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Old 10-03-2013, 12:08 AM
 
1 posts, read 2,112 times
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To simplify this my soon to be mother in law will be person A and I will be person B.

I Person B gave Person A $104,000 to put down on a house for myself and soon to be husband. We both finsihed school and could not qualify for a mortgage at the time. We signed contracts in March of 2012 and moved into our new home in September 2012. At which time Person A retired and moved in with us. Now one year later Person A wants to move to her daugthers in another city and is forcing us to sell.

Unfortaunately we both still can not meet the requriements to get a mortgage that we know of. Now Person A is also saying she is entitled to a portion of the equity. We owe 210 or so and the house is worth about 410 or so.

My question is since Person A is not related to me Person B and the is no rightof advancment if I can argue a resulting trust was created with Person A. Person A wants 30,000 to walk away and we feel we are getting taken advantage of.

Also in hindsight yes it was a dumb move we know that more interested in what legal recourse we have moving forward so we dont have to move since she has already listed the house against our wishes.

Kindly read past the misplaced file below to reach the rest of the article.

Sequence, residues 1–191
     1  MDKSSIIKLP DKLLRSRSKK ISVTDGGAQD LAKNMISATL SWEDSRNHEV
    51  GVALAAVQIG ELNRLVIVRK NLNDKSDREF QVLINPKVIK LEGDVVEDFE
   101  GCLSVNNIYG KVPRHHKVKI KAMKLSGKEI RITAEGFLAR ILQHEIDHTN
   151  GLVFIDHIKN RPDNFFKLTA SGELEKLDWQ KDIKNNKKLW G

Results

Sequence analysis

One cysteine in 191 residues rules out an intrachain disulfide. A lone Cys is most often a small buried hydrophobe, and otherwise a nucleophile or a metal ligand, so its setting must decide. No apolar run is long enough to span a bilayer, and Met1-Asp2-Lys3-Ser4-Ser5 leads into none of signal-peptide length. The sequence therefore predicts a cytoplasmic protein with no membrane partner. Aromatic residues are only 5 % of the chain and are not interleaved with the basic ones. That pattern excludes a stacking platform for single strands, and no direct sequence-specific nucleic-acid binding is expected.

Thanks for helping to save our dream home!!!!
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Old 10-03-2013, 12:21 AM
 
Location: Long Island
9,038 posts, read 18,355,935 times
Reputation: 4745
Quote:
Originally Posted by djweaver2 View Post
To simplify this my soon to be mother in law will be person A and I will be person B.

I Person B gave Person A $104,000 to put down on a house for myself and soon to be husband. We both finsihed school and could not qualify for a mortgage at the time. We signed contracts in March of 2012 and moved into our new home in September 2012. At which time Person A retired and moved in with us. Now one year later Person A wants to move to her daugthers in another city and is forcing us to sell.

Unfortaunately we both still can not meet the requriements to get a mortgage that we know of. Now Person A is also saying she is entitled to a portion of the equity. We owe 210 or so and the house is worth about 410 or so.

My question is since Person A is not related to me Person B and the is no rightof advancment if I can argue a resulting trust was created with Person A. Person A wants 30,000 to walk away and we feel we are getting taken advantage of.

Also in hindsight yes it was a dumb move we know that more interested in what legal recourse we have moving forward so we dont have to move since she has already listed the house against our wishes.


Thanks for helping to save our dream home!!!!
Sounds like you need to talk to a real estate attorney!